doi:10.1371/journal.pone.0089004.g003

Effect of Lactobacillus on the Enterotoxin Gene Expression of ETEC JG280 Recovered from Infected C. elegans

To determine the mechanism of Lactobacillus in protecting C. elegans against ETEC infection, the invivo gene expression of the three enterotoxins (estA, estB, and elt) of JG280 in first three days of life-span assays was examined in the presence and absence of Lactobacillus. When C.elegans was infected with the ETEC strain only, the expression of all three enterotoxin genes of JG280 was significantly enhanced, particularly on days 2 and 3, compared to their expression at the beginning of the assay (day 0) (Fig. 4). The enhanced enterotoxin gene expression coincided with a significant increase in the death of C.elegans on days 2 and 3 (Fig. 1). However, the enhanced gene expression of the three enterotoxin genes in these two days was remarkably reduced by the treatment with isolate LB1 (Fig. 4) that also prevented the nematode from JG280-induced worm death (Table 1). These results suggest that entertoxins are involved in the death of C. elegans caused by the ETEC infection.

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Figure 4. Gene expression of enterotoxins in ETEC strain JG280 during the life-span assay in the presence or absence of L. zeae LB1.

The baseline (Gridline bar) is the level of gene expression of three enterotoxins in ETEC JG280 just before mixing with C. elegans (day 0). (A), (B), and (C) represent the expression level of estA (STa), estB (STb), and elt (LT), respectively, produced by ETEC JG280, in the absence (black bars) or presence of L. zeae LB1 (grey bars) on day 1, 2, and 3. Relative expression was determined using the 2−ΔΔCt method as the ratio of gene transcript level of each time point to zero time point ETEC JG280 (day 0 before inoculation of C. elegans) and expressed as fold changes. Data are presented as mean ± S.D. Means marked with different letters (a, b, c,) are significantly different at P values of <0.05 within the ETEC JG280 group. Means marked with different letters (A, B, C) are significantly different at P values of <0.05 within the L. zeae LB1 group. *Represents significant difference from the ETEC JG280 group within the same day.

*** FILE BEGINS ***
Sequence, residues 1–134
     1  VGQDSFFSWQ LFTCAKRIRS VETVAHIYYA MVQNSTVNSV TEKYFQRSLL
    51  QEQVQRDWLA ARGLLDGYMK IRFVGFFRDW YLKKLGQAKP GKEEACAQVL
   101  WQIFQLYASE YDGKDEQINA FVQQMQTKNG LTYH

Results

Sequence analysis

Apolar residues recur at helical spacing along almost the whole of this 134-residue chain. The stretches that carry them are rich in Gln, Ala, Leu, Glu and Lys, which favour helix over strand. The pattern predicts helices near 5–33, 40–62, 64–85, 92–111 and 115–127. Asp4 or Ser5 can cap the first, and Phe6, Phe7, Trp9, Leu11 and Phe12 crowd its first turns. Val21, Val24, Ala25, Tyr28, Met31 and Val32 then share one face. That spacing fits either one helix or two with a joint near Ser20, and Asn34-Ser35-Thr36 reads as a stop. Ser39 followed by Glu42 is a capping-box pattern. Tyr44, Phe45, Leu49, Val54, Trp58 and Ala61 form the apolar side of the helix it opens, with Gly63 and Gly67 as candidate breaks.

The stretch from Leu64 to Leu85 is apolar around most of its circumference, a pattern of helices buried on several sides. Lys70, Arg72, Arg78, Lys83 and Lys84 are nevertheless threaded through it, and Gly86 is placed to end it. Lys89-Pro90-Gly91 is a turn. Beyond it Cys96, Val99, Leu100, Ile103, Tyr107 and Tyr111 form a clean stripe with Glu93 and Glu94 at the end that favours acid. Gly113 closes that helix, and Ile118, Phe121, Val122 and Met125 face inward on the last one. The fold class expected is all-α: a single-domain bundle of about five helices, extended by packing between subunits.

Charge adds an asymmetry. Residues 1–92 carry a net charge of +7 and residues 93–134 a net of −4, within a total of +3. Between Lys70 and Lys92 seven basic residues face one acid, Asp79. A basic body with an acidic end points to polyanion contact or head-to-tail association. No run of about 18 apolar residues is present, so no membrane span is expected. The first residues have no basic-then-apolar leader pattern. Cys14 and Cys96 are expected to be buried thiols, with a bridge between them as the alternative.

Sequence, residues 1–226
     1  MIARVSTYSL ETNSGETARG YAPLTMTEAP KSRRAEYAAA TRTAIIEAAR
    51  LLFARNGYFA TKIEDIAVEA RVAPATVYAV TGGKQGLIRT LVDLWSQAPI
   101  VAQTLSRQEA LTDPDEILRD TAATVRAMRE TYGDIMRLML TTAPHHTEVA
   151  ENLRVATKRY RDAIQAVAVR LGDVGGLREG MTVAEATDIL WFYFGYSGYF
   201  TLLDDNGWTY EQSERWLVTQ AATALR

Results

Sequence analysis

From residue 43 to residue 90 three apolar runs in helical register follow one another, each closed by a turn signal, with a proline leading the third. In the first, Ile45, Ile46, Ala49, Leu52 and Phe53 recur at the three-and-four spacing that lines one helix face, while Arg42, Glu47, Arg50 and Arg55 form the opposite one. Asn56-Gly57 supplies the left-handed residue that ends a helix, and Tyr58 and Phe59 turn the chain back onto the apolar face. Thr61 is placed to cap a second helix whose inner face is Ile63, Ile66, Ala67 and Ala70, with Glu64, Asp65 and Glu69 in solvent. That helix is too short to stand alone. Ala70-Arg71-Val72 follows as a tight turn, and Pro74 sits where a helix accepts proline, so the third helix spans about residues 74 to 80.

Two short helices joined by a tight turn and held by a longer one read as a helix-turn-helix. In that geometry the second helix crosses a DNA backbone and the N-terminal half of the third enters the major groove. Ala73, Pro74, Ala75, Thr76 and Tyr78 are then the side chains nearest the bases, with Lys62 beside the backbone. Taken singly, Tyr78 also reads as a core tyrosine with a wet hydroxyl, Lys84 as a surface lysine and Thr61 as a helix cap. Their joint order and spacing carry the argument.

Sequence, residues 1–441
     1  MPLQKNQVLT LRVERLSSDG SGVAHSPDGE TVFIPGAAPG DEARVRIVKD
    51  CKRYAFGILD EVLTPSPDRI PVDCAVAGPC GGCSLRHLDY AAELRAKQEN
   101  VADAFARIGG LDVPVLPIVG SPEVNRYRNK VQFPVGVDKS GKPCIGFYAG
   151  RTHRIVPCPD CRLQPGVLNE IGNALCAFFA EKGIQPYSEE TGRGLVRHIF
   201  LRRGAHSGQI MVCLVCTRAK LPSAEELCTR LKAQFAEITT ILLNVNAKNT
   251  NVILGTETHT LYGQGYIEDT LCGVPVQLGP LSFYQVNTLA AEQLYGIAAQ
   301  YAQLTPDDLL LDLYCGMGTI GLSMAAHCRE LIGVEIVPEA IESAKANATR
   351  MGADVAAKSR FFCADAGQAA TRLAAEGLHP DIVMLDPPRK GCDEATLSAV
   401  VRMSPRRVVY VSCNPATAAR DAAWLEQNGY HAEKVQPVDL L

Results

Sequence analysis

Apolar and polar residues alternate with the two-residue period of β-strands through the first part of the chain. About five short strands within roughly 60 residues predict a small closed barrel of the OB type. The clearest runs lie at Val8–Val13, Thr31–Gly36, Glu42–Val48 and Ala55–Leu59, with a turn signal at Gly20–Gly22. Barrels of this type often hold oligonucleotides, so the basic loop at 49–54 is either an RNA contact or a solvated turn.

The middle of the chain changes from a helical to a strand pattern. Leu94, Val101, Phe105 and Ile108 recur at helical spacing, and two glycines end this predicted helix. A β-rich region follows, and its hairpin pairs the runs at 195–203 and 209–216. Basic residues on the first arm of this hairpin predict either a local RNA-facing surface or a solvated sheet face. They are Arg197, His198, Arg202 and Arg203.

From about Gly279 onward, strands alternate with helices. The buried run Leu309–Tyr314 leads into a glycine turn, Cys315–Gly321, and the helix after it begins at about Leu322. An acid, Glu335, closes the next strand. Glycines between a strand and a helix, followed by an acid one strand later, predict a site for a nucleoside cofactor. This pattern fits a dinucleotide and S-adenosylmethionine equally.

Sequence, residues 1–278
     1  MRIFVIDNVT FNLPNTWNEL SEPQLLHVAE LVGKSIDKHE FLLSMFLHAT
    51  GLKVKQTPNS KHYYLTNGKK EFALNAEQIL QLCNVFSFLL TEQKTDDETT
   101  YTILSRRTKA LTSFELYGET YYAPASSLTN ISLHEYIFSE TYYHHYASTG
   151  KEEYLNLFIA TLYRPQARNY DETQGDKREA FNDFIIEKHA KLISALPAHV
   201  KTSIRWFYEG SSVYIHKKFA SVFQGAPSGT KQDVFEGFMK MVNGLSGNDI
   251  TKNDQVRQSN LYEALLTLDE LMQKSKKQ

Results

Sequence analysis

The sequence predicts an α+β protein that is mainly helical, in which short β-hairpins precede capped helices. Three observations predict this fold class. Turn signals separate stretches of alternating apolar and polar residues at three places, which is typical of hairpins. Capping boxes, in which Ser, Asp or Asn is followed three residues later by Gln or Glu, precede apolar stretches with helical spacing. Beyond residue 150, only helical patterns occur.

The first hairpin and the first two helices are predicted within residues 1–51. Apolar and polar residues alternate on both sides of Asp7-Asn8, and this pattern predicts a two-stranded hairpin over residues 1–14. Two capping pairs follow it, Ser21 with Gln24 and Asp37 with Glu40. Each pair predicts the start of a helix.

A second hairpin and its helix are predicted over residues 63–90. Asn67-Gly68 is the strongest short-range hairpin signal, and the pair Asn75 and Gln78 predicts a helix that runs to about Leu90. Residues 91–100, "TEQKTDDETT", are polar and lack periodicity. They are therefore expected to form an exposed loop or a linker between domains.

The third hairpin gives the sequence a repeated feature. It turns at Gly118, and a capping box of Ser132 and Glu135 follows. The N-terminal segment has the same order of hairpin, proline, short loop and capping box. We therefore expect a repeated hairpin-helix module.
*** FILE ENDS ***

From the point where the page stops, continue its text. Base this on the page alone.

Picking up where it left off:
doi:10.1371/journal.pone.0089004.g004

To further determine the role of the three ETEC enterotoxins in causing worm death and the protective mechanism provided by Lactobacillus, each enterotoxin expression in E. coli DH5α (a non-pathogenic E. coli isolate harboring no enterotoxin genes) was tested for its effect on the life span of C. elegans in the absence and presence of Lactobacillus. As demonstrated in Fig. 5A, both heat-stable enterotoxin clones (DH5α-STa and DH5α-STb) and ETEC strain JG280 had a similar effect on the death of the nematode and all worms had died at the end of the assay (day 10). However, the heat-labile enterotoxin clone (DH5α-LT) killed only 40% worms by the end of assay. Little death of C. elegans was caused by the clones harboring a 16SrRNA gene (DH5α-16SrRNA, Table S1) or one of the heat-stable enterotoxin genes (DH5α-opSTa, or DH5α-opSTb, Table S1) with an opposite orientation in the vector and unable to be expressed (data not shown).

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Figure 5. Effect of individual clones harboring an enterotoxin gene from ETEC JG280 on the life span of C. elegans in the absence or presence of Lactobacillus.

(A) Effect of individual enterotoxin clones on the life span of C. elegans. Worms were fed one of the following for 10 days: ♦,clone DH5α-16SRNA at 2×108 CFU/ml; ×, clone DH5α-LT at 2×108 CFU/ml; ▪, clone DH5α-STa at 2×108 CFU/ml; ▴, clone DH5α-STb at 2×108 CFU/ml; +, OP50 then ETEC JG280 at 2×108 CFU/ml. (B) and (C) Effect of isolates LB1 (L. zeae) and CL11 (L. casei)) on the life span of C. elegans infected with individual enterotoxin clones. Worms treated with ETEC JG280 isolate LB1, or CL11 only served as the controls for corresponding treatments. The concentration of all bacterial cultures used for the assays was 2×108 CFU/ml. In the treatment groups, worms were treated initially with a Lactobacillus isolate at 108 CFU/ml for 18 h and then with an individual clone or ETEC JG280 (2×108 CFU/ml) for the remaining days. All the assays were kept for 10 days. ▪, isolate LB1 or CL11 only; •, isolate LB1 or CL11 and then clone DH5α-LT; ×, isolate LB1 or CL11 and then clone DH5α-STa; ♦, isolate LB1 or CL11 and then clone DH5α-STb; ▴, isolate LB1 or CL11 and then ETEC JG280; +, OP50 and then ETEC JG280.